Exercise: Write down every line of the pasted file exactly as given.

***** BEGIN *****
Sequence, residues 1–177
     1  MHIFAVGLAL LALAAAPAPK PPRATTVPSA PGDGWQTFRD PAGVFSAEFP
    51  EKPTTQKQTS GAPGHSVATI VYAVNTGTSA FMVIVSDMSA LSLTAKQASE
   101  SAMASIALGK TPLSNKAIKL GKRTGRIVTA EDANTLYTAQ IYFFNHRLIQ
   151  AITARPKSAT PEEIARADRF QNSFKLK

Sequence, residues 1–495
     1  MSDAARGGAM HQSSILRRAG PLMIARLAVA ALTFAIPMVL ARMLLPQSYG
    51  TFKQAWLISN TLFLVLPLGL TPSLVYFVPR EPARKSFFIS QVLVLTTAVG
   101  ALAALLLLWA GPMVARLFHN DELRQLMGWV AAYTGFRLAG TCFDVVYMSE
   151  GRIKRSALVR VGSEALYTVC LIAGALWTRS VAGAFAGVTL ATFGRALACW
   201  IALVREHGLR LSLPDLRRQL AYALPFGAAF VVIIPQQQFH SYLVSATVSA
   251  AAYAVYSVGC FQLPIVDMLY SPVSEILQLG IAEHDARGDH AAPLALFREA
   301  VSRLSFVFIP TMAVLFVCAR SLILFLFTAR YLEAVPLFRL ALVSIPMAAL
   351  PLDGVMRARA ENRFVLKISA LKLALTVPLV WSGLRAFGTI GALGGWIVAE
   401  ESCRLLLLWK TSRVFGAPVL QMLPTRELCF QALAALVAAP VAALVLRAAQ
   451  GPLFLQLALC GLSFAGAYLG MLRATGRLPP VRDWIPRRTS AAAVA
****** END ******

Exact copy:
Sequence, residues 1–177
     1  MHIFAVGLAL LALAAAPAPK PPRATTVPSA PGDGWQTFRD PAGVFSAEFP
    51  EKPTTQKQTS GAPGHSVATI VYAVNTGTSA FMVIVSDMSA LSLTAKQASE
   101  SAMASIALGK TPLSNKAIKL GKRTGRIVTA EDANTLYTAQ IYFFNHRLIQ
   151  AITARPKSAT PEEIARADRF QNSFKLK

Sequence, residues 1–495
     1  MSDAARGGAM HQSSILRRAG PLMIARLAVA ALTFAIPMVL ARMLLPQSYG
    51  TFKQAWLISN TLFLVLPLGL TPSLVYFVPR EPARKSFFIS QVLVLTTAVG
   101  ALAALLLLWA GPMVARLFHN DELRQLMGWV AAYTGFRLAG TCFDVVYMSE
   151  GRIKRSALVR VGSEALYTVC LIAGALWTRS VAGAFAGVTL ATFGRALACW
   201  IALVREHGLR LSLPDLRRQL AYALPFGAAF VVIIPQQQFH SYLVSATVSA
   251  AAYAVYSVGC FQLPIVDMLY SPVSEILQLG IAEHDARGDH AAPLALFREA
   301  VSRLSFVFIP TMAVLFVCAR SLILFLFTAR YLEAVPLFRL ALVSIPMAAL
   351  PLDGVMRARA ENRFVLKISA LKLALTVPLV WSGLRAFGTI GALGGWIVAE
   401  ESCRLLLLWK TSRVFGAPVL QMLPTRELCF QALAALVAAP VAALVLRAAQ
   451  GPLFLQLALC GLSFAGAYLG MLRATGRLPP VRDWIPRRTS AAAVA